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Cancer Res. 2016 Jan 15;76(2):319-28. doi: 10.1158/0008-5472.CAN-15-0751. Epub 2015 Nov 10.

Gender-Specific Molecular and Clinical Features Underlie Malignant Pleural Mesothelioma.

Author information

1
The Thoracic Surgery Oncology laboratory and the International Mesothelioma Program, Division of Thoracic Surgery and the Lung Center, Brigham and Women's Hospital, and Harvard Medical School, Boston, Massachusetts. aderienzo@partners.org.
2
The Thoracic Surgery Oncology laboratory and the International Mesothelioma Program, Division of Thoracic Surgery and the Lung Center, Brigham and Women's Hospital, and Harvard Medical School, Boston, Massachusetts.
3
Department of Medicine, Massachusetts General Hospital and Harvard Medical School, Boston, Massachusetts.
4
Center for Cancer Computational Biology, Department of Biostatistics and Computational Biology, Dana-Farber Cancer Institute, and Harvard School of Public Health, Boston, Massachusetts.
5
Departments of Pathology, Brigham and Women's Hospital, and Harvard Medical School, Boston, Massachusetts.
6
Malaysian Genomics Resource Centre, Kuala Lumpur, Malaysia.
7
Debakey Department of Surgery, Baylor College of Medicine, Houston, Texas.

Abstract

Malignant pleural mesothelioma (MPM) is an aggressive cancer that occurs more frequently in men, but is associated with longer survival in women. Insight into the survival advantage of female patients may advance the molecular understanding of MPM and identify therapeutic interventions that will improve the prognosis for all MPM patients. In this study, we performed whole-genome sequencing of tumor specimens from 10 MPM patients and matched control samples to identify potential driver mutations underlying MPM. We identified molecular differences associated with gender and histology. Specifically, single-nucleotide variants of BAP1 were observed in 21% of cases, with lower mutation rates observed in sarcomatoid MPM (P < 0.001). Chromosome 22q loss was more frequently associated with the epithelioid than that nonepitheliod histology (P = 0.037), whereas CDKN2A deletions occurred more frequently in nonepithelioid subtypes among men (P = 0.021) and were correlated with shorter overall survival for the entire cohort (P = 0.002) and for men (P = 0.012). Furthermore, women were more likely to harbor TP53 mutations (P = 0.004). Novel mutations were found in genes associated with the integrin-linked kinase pathway, including MYH9 and RHOA. Moreover, expression levels of BAP1, MYH9, and RHOA were significantly higher in nonepithelioid tumors, and were associated with significant reduction in survival of the entire cohort and across gender subgroups. Collectively, our findings indicate that diverse mechanisms highly related to gender and histology appear to drive MPM.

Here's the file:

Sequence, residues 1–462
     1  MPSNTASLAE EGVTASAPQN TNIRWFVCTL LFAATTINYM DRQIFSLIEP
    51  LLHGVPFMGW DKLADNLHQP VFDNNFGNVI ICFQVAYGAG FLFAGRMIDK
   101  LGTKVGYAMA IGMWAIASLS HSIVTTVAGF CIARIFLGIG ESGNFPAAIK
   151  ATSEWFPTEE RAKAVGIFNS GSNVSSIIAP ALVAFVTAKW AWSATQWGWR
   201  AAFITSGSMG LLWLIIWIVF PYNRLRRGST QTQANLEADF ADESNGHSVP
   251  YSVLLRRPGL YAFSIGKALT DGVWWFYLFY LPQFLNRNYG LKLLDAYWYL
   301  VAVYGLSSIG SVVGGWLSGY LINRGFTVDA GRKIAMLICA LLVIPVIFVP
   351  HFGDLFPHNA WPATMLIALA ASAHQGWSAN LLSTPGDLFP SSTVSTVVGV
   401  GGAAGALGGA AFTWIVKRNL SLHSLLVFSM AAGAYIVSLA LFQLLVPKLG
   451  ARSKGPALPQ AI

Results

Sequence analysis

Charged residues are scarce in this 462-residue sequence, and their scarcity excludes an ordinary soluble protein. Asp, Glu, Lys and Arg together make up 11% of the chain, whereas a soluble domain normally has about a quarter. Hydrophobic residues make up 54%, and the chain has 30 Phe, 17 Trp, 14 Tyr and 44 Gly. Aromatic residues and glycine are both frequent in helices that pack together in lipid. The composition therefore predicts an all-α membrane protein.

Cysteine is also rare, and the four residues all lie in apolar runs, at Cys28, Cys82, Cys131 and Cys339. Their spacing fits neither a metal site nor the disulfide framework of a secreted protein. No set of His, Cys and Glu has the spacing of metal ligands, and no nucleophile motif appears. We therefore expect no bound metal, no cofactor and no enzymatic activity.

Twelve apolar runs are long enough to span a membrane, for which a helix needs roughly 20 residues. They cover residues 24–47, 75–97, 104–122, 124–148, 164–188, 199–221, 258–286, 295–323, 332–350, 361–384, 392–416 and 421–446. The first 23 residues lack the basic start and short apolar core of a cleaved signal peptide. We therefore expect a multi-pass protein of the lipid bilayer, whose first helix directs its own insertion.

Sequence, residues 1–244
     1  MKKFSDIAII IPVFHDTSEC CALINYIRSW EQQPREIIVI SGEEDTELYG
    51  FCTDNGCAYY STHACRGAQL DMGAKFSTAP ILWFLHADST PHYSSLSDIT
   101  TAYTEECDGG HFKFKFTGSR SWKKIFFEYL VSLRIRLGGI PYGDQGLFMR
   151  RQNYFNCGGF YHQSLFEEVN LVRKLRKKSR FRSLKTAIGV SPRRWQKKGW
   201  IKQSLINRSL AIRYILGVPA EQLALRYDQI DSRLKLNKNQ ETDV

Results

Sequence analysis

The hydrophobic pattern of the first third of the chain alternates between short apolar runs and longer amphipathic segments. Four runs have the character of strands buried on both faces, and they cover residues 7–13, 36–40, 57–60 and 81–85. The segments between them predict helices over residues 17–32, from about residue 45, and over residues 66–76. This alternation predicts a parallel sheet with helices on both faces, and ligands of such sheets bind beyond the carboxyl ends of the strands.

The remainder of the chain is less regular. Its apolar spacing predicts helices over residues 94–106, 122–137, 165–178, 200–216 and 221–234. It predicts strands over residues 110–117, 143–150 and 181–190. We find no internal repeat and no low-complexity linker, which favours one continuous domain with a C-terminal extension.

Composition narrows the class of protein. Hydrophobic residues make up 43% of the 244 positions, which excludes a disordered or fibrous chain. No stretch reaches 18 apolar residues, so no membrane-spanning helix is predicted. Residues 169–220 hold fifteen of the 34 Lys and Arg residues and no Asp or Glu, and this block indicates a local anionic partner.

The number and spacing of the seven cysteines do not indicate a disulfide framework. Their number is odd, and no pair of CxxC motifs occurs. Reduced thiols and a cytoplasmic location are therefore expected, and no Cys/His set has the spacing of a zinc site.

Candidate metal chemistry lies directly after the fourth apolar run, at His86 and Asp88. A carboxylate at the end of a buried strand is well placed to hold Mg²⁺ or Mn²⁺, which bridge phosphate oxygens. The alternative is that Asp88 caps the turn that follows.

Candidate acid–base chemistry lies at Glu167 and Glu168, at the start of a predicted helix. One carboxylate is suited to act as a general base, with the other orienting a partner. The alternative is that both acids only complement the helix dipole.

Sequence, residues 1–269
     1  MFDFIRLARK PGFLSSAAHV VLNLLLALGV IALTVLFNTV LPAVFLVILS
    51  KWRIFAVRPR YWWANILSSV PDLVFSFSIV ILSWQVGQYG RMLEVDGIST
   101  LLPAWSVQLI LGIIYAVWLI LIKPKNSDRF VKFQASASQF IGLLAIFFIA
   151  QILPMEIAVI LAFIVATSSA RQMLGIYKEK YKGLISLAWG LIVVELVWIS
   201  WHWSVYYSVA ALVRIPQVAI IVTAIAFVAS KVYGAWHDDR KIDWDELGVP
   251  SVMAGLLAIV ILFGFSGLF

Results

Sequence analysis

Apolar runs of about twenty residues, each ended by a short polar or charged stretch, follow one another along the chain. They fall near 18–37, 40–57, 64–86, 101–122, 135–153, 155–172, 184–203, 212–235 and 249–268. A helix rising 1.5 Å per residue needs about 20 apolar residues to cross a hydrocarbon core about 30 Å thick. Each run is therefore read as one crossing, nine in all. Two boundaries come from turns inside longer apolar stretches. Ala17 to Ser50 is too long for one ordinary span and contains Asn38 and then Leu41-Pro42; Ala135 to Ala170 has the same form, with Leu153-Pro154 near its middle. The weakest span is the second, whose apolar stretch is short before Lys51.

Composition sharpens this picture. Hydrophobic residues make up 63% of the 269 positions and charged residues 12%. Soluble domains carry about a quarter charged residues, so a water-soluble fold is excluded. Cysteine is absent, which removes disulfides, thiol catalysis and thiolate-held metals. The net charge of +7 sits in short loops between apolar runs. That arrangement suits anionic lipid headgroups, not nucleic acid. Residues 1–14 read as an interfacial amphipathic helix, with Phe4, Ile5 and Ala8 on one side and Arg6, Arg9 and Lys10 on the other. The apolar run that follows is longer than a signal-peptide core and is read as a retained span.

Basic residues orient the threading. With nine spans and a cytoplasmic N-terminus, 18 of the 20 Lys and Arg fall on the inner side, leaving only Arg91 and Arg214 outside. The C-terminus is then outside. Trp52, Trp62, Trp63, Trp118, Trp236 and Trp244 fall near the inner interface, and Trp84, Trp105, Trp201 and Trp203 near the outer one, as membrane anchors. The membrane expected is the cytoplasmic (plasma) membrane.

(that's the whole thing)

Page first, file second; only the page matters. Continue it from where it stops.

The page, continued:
PMID:
26554828
PMCID:
PMC4715909
DOI:
10.1158/0008-5472.CAN-15-0751
[Indexed for MEDLINE]
Free PMC Article

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